Economists agree that the minimum wage does not help the poor.
Mark Perry: “More than 500 economists, including three Nobel laureates (Vernon Smith, Eugene Fama and Ed Prescott, along with AEI scholars/fellows Andrew Biggs, Alex Brill, Bob Helms, Marvin Kosters, Tom Miller, Stan Veuger, and Ben Zycher) havesigned this letter arguing that artificially raising the minimum wage to $10.10 per hour through a government mandate would have adverse effects on the employment opportunities for unskilled and low-skilled workers.”
Nicholas Eberstadt and Michael Hodin: “As the over-60 population grows much faster than the younger working-age cohorts, while life expectancy increases, the 20th-century model of work and retirement becomes increasingly unsuitable for economic growth. The key will be finding new solutions to engage older Americans in the workforce.”
FROM THE ARCHIVES (2013) — The myth that baby boomers are stealing jobs.
Sita Slavov:“There's no evidence that older workers threaten the jobs of younger ones. In fact, reducing work disincentives in Social Security and Medicare is likely to boost economic output, reducing the size of the tax increases and entitlement cuts that younger workers will need to face.”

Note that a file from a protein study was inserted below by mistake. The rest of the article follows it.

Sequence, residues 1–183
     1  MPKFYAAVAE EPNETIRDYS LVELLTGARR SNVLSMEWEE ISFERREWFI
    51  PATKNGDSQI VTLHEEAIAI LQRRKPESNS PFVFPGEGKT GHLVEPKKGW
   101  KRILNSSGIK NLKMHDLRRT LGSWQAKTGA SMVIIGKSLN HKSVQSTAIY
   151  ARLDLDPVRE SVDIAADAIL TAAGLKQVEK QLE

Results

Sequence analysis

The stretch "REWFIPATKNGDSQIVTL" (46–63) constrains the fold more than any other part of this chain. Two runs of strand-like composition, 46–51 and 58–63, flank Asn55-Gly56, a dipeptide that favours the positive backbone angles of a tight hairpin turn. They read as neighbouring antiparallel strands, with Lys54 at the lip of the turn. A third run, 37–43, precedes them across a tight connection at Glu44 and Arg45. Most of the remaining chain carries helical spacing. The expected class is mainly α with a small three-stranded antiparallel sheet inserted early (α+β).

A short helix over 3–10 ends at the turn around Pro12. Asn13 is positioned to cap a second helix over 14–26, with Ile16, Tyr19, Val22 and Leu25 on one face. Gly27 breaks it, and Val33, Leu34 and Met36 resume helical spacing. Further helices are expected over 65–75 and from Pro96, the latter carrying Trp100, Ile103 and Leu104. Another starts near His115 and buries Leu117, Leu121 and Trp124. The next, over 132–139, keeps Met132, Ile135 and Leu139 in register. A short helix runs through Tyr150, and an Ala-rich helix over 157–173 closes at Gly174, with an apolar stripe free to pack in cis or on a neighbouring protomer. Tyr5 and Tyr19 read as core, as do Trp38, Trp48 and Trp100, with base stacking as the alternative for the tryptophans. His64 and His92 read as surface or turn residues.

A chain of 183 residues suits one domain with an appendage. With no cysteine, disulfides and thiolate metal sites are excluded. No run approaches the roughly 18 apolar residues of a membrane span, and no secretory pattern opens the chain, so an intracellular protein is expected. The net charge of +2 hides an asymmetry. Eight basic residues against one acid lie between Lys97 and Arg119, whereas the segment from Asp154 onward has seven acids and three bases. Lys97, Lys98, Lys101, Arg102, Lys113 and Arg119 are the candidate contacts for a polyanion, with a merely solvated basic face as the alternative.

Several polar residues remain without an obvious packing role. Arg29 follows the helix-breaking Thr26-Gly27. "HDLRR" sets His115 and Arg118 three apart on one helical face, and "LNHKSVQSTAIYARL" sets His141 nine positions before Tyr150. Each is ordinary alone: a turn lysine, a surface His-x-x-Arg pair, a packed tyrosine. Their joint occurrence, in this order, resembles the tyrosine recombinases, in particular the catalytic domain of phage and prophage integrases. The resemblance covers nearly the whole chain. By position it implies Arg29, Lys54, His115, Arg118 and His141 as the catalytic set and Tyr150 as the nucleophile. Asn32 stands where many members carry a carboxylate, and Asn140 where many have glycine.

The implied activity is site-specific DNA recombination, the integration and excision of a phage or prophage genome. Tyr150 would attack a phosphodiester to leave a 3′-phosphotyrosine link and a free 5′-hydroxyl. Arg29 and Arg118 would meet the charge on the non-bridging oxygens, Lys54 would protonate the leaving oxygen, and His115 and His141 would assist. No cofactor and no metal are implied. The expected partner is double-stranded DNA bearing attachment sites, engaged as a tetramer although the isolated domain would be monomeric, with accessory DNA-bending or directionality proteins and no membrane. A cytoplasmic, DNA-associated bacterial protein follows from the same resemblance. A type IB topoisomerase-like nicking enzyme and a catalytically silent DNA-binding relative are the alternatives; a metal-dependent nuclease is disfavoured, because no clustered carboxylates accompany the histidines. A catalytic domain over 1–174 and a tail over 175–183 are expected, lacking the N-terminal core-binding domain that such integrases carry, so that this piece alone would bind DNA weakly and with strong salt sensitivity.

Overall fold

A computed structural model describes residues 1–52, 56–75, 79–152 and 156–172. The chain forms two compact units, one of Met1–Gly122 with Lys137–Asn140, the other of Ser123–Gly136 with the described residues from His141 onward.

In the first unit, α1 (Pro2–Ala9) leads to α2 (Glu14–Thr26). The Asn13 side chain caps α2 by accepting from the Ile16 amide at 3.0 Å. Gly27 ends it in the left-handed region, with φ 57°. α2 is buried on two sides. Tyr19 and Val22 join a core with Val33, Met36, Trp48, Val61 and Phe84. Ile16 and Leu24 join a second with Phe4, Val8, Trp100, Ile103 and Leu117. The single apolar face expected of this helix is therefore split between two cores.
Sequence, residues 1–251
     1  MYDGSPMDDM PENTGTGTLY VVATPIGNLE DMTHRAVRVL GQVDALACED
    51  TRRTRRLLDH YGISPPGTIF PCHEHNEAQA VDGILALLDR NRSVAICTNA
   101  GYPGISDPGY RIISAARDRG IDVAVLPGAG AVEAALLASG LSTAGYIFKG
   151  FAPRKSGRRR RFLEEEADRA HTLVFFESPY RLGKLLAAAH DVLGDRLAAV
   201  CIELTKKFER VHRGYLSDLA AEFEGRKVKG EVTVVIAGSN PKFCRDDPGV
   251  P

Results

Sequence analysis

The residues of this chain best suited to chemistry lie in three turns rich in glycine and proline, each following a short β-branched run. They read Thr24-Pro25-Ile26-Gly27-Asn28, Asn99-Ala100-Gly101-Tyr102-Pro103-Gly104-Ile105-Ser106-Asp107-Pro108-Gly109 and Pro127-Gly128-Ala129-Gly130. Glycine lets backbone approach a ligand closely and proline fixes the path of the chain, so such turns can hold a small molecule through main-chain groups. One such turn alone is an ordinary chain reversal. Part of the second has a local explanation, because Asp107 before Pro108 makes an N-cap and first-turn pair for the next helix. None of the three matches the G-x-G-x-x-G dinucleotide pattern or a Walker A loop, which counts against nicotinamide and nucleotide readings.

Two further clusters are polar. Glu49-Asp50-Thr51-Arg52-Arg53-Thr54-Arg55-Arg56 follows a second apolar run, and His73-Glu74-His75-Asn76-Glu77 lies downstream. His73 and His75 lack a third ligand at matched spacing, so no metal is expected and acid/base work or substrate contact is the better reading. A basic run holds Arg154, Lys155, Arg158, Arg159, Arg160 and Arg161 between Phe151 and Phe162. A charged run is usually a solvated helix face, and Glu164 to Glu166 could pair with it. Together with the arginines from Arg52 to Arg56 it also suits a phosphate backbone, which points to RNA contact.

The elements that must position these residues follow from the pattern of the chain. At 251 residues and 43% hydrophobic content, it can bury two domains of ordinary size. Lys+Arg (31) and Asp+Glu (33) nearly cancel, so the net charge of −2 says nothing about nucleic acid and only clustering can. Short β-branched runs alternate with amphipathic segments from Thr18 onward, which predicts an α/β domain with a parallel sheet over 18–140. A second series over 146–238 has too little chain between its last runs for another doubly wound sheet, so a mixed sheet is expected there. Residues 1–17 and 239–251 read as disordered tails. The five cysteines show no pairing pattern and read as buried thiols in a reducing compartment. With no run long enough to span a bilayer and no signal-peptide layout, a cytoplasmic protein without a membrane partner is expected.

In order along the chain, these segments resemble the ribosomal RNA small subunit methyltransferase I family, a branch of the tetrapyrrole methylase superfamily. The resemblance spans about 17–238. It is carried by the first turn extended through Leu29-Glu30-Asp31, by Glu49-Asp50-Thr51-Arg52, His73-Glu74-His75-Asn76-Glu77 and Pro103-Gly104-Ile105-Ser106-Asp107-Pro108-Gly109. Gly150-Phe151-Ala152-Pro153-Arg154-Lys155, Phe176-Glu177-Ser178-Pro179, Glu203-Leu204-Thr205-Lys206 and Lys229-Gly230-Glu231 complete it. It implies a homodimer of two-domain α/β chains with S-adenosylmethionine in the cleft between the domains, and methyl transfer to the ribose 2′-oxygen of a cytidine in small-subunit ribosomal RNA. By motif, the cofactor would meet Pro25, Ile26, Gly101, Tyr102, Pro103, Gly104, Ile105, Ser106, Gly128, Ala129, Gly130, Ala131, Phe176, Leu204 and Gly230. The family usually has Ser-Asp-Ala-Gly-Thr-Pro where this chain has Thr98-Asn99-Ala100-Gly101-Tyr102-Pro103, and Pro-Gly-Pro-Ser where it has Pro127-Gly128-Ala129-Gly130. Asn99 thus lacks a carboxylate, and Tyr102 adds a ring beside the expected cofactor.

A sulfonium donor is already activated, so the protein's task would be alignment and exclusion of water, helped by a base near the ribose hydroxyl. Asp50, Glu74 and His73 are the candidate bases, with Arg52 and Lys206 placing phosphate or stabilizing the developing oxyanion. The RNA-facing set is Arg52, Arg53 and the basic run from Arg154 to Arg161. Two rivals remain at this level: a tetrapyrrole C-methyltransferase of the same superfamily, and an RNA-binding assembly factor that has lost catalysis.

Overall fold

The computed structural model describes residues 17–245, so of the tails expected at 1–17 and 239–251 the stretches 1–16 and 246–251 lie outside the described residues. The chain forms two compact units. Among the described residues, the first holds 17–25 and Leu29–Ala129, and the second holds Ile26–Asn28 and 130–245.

Around the world
Putin’s effect on European economies (in one chart).
Kevin Hassett: “Vladimir Putin’s desire to maintain a zone of influence has had a dramatically negative effect on the economic well-being of citizens of the affected countries. It is hard to imagine how anyone could look at such data and not conclude that Putin supporters outside Russia are traitors, if not to their nations at the very least to their compatriots’ prospects of economic security and prosperity.”
Do we need a larger IMF?
Desmond Lachman: “While the U.S. Treasury is all too ready to argue the case for a bigger IMF when circumstances appear to justify such a move, it has been reluctant to revise its assessment now that changed circumstances indicate a smaller IMF is preferable.”
TESTIMONY — Government financial policy and credit availability.
Paul Kupiec:“History is replete with examples where governments direct private sector credit. Without checks and balances, governments often use their powers to direct private institutions into making nonviable loans in order to achieve favored political goals. Such policies often benefit targeted constituencies and appear to be costless in the short run. Eventually, however, they end up costing taxpayers dearly.”